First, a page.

Being accused of committing an offense can be intimidating particularly if you are unacquainted with the local legal processes or if this is your first offense. It's not uncommon for individuals to be wrongfully accused of crimes they have not committed. If you are facing criminal accusations in Springfield, Virginia, your first action should be to speak with an experienced criminal defense attorney to get a favorable outcome for your case. At the Virginia Criminal Attorney, we can stand by your side and fight to clear you of any wrongful allegations, regardless of whether you are a first-time offender or if you have any past convictions.

Classifications of Criminal Offenses in Virginia

Most criminal acts in Virginia are classified by the laws of the state as misdemeanors or felonies, with misdemeanors being less serious offenses that carry shorter prison terms and lesser fines and vice versa. Certain "special" violations are categorized independently from this simplified structure and can carry different potential penalties depending on the specifics of the case. Your Springfield criminal defense counsel could break down these penalties for you when necessary.

The Four Categories of Misdemeanor Offenses

According to Virginia law, there are 4 different categories of misdemeanors, which are punishable by fines and two capable of resulting in incarceration. According to the Code of Virginia Title 18.2-11, the following are the highest possible penalties that can be imposed in Springfield for different classes of misdemeanors:

  • A Class 1 misdemeanor is punishable by up to a year in jail along with a $2,500 fine.
  • A Class 2 misdemeanor carries a maximum fine of $1,000 and a six-month jail term.
  • A Class 3 misdemeanor offense carries a fine of no more than $500.
  • A Class 4 misdemeanors offense carries a fine of no more than $250.

Additionally, since 1st July 2020, possessing no more than one ounce of cannabis for one's personal use is no longer considered a misdemeanor instead it's charged as a civil violation that is penalized by a monetary penalty of at least $25.

The Six Categories of Felony Offenses

According to state law, there are six different categories of felonies, each with a different set of potential penalties that are based on the severity and nature of the criminal act. According to the Code of Virginia Title 18.2-10, the following penalties could be imposed on a person found guilty of a certain kind of felony offense:

  • For a class 1 felony offense, a life sentence or the death penalty is not taken into consideration if the offender is below 18 or has an intellectual impairment as defined by the Code of Virginia Title 19.2-264.3:1.1.
  • A class 2 felony offense includes a prison sentence of at least 20 years or a maximum sentence of life imprisonment.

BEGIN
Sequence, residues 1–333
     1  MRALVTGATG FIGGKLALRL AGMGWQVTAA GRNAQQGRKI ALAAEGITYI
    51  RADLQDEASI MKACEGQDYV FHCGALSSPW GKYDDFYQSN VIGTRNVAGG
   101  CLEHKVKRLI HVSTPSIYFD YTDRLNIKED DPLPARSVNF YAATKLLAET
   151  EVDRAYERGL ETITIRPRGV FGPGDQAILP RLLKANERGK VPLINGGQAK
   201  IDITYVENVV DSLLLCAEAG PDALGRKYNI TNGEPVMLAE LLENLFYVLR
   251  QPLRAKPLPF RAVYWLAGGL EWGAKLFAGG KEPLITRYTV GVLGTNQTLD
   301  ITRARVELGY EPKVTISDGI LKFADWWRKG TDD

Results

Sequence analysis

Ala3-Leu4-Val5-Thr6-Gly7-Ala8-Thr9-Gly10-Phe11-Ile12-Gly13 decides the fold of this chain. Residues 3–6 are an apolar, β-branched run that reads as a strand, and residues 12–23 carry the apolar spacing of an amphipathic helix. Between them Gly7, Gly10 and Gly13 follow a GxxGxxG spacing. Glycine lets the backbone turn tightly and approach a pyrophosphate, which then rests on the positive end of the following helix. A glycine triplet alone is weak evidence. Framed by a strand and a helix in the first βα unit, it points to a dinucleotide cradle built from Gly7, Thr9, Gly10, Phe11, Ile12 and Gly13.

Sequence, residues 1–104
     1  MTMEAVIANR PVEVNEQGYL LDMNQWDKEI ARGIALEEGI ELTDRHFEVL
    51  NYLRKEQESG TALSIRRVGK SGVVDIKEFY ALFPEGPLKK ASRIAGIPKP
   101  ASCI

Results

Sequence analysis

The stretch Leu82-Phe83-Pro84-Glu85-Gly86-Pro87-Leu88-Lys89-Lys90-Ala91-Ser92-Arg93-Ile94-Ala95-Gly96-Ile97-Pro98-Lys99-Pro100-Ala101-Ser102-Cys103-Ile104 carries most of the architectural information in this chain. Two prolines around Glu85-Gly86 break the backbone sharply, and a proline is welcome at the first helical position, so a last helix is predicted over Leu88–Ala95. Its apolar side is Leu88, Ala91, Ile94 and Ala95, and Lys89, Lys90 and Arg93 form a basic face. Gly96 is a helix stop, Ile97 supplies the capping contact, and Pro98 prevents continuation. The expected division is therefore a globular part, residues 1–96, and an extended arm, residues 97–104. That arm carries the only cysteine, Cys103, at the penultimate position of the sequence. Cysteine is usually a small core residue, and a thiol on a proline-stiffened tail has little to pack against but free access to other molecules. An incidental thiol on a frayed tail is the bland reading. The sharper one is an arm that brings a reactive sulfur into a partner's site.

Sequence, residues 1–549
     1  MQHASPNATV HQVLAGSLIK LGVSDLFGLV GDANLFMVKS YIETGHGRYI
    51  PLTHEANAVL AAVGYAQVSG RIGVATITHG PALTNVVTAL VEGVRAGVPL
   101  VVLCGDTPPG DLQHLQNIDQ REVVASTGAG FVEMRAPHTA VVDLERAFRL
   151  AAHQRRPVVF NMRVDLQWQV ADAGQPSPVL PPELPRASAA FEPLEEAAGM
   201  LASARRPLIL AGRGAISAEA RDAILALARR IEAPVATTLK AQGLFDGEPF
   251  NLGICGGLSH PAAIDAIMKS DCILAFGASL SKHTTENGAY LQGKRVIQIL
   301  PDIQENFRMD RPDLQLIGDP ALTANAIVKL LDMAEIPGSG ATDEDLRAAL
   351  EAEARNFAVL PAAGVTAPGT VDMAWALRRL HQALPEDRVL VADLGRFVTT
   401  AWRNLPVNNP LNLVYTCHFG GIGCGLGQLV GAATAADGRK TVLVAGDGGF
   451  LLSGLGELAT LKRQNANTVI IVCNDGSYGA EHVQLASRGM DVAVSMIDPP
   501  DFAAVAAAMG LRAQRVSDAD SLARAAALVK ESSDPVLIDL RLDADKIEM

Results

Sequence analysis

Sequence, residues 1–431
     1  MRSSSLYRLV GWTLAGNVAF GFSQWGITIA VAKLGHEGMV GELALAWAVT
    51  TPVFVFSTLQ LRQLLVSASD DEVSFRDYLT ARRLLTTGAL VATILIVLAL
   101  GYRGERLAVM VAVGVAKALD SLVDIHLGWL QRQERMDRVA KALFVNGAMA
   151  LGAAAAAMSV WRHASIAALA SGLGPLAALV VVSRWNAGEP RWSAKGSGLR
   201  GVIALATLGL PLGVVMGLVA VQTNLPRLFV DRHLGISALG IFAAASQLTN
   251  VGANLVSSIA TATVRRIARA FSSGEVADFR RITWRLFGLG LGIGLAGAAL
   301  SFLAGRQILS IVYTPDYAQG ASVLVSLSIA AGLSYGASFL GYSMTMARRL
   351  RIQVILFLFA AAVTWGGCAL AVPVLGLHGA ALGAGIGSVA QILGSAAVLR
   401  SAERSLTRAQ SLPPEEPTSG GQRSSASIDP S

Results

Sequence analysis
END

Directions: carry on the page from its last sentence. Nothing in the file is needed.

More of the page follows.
• Class 3 felony offenses include a prison sentence of between five to twenty years.
  • A class 4 felony offense carries a term of between two and ten years in prison.
  • Class 5 felony offenses carry a sentence of between one to ten years in prison, with a maximum term of one year in jail, subject to the judge's discretion.
  • Category 6 felony offenses carry an imprisonment term for a period ranging from one to five years, and depending on the court's discretion, a 12-month jail sentence.

In addition, the court has the authority to punish $2,500 for a Class 5 or Class 6 felony, as well as monetary penalties of $100,000, which could be imposed for higher felony classes.

Misdemeanor Versus Felony Charges

The differences between misdemeanor and felony offenses in Springfield are similar to the differences between the two categories of violations across the Commonwealth of Virginia. Some offenses are classified as felonies whereas others are misdemeanors, and this distinction is made based on how the Code of Virginia is worded.

The District Attorney's Office has a completely different approach to prosecuting felonies compared to misdemeanor offenses. Not only are there several legal processes one must go through when dealing with felony offenses, but there are various penalties for felonies, including non-violent acts.

Misdemeanor convictions can result in a maximum sentence of one year in jail and a fine of up to $2,500, while felony convictions carry the possibility of serving much longer in prison. Speaking with a Springfield criminal attorney is essential since felonies can result in life imprisonment sentences and hefty fines, based on the specific charges brought against you.

Long-Term Implications

Even though a misdemeanor is a less serious offense than a felony, there are still many different long-term implications that can result from a conviction, particularly if the person in question has security clearance. In certain circumstances, the defendant could be required to reveal such details to their prospective employers or during a security record check, based on the policies that are in place in their specific firm or government department, and it could undoubtedly have an impact on the individual's security clearance.